A Two Child Limit?

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When it comes to why we love being early mamas, one of the most popular tweets, emails and comments I've received is this: "We can have more babies!"

And this is absolutely a perk for those who want a Van Trapp-like brood, with more child-rearing years to make that happen. Older parents often feel pressured to squeeze in siblings as fast as possible, considering pregnancies can be more difficult as you get older. But us younger parents? We have a solid decade (or more) to expand our families. We have time to hem and haw over possible future additions.

But that's not something that initially came to my mind. In fact, I kind of feel pressure to have two kids (and only two kids) closer together, just to enjoy the perks of an early empty nest. While some parents are chauffeuring elementary-age kids around at 45 years old, I'll have a college graduate at that age (hopefully). And I like that. It's one of my favorites perks.

Besides that, I already feel so invested in my son's life — so worrisome about the what ifs — that I'm not sure I'd survive opening myself up to that much vulnerability. To have three, four, five little children wandering around the big scary world is, honestly, overwhelming. I'm sure I'll eventually be able to shut off that part of my brain — the part that thinks about wars, political cultures, economic climates — but I often think, How many children do I want to bring into this world? And on top of it all, Justin and I weren't raised privileged by any means, so we'd like to be able to give our children as much as we can.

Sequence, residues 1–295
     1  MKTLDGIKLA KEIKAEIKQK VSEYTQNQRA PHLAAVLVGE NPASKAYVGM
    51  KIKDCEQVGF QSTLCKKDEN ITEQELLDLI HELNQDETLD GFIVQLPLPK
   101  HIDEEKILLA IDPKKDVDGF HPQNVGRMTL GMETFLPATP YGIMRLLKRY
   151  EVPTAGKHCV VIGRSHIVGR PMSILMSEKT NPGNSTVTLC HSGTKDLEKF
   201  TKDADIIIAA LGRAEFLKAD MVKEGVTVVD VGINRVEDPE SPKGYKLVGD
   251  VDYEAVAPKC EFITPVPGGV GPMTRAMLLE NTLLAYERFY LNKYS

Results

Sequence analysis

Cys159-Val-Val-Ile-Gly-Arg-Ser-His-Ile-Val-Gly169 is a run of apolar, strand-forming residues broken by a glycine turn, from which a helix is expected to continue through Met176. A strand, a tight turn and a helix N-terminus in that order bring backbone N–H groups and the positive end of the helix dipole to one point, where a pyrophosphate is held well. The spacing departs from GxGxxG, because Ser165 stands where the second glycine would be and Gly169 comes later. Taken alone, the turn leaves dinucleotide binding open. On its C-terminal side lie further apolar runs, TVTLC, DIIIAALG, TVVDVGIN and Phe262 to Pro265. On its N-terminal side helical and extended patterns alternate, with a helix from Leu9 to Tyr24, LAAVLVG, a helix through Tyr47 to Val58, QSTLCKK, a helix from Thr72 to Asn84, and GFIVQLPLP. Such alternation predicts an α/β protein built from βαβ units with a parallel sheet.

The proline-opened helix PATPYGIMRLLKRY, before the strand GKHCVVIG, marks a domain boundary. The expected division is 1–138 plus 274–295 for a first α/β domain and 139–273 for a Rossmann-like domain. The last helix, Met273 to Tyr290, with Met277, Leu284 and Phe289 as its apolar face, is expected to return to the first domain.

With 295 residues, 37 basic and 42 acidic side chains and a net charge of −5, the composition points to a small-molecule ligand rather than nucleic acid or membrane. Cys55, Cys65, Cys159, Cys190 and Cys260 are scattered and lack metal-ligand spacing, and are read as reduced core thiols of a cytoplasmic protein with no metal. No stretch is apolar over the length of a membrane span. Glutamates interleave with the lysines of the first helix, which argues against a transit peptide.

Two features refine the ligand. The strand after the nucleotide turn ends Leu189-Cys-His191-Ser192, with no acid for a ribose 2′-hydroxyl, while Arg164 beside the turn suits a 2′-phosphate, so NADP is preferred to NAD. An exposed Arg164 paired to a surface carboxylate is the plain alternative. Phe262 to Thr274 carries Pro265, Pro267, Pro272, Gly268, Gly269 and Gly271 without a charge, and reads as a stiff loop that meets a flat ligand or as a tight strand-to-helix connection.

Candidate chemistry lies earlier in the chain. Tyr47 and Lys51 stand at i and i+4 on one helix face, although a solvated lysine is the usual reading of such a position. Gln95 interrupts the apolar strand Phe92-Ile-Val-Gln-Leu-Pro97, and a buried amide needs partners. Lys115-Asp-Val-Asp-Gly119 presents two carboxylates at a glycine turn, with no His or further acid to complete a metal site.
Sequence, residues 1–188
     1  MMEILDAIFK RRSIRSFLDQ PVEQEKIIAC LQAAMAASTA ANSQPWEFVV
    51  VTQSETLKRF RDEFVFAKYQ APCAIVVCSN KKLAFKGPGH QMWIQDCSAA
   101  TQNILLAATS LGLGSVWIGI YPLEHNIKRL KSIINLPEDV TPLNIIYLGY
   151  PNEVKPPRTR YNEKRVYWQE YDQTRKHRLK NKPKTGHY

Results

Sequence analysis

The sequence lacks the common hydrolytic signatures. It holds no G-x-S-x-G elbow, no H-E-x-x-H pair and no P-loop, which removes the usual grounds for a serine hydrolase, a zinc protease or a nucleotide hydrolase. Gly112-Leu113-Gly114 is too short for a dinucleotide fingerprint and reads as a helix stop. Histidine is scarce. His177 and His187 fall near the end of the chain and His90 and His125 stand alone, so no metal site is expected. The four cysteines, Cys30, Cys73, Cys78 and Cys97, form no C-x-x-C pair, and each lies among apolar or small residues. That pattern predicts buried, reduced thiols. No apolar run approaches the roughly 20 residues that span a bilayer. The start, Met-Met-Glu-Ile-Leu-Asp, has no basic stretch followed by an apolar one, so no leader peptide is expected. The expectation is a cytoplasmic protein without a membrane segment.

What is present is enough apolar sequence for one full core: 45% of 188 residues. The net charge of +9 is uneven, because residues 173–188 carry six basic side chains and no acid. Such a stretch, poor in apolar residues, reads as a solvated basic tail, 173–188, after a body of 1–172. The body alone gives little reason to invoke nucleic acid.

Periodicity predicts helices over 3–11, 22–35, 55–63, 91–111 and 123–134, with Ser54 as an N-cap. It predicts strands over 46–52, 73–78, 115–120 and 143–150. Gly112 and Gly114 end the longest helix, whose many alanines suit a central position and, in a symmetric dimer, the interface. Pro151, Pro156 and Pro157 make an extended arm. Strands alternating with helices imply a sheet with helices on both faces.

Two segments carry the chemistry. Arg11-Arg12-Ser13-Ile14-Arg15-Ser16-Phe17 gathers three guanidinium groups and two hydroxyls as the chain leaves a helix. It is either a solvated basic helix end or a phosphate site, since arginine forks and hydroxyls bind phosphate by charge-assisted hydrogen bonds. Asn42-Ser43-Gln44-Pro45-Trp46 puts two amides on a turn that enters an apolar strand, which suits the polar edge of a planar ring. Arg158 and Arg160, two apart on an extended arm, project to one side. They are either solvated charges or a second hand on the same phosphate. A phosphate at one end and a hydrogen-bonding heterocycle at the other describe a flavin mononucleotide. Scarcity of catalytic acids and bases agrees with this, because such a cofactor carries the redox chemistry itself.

However...

When I started thinking about the gender of our next child, something frightening happened: I realized that no matter what we have — a boy or a girl — I'll be slightly disappointed. Of course I'll mostly be elated, but there will be a twinge of sadness as well. If we have a girl next, I'll be bummed to never have another little boy. Perhaps because I just love Noah so darn much, I can't image not having another little man around. And the boy names that we've picked feel so right for our family (much more than the girl names), and I've become so attached to them. It'll be sad to know those little boys will never be a part of our family.

Yet if we have another boy, it'll be difficult to accept never having a little girl. Never knowing that tumultuous, exhausting, infinitely rewarding mother-daughter relationship. The first time around I was relieved to be having a boy, only because I feel like raising a strong, confident daughter (in our society) is a more challenging assignment. And at 22 years old, barely a woman myself, I wasn't sure I was up for it. But now? Now I think I'm ready. I have so much to teach a girl, to tell my girl — so much that I'll never be able to share with little boys — that the thought of her not existing is a bit sad.

So while the logic of two children still seems right, the possibility of only two children is starting to feel unimaginable.

But like you all said, at least I have more time to make a final decision.

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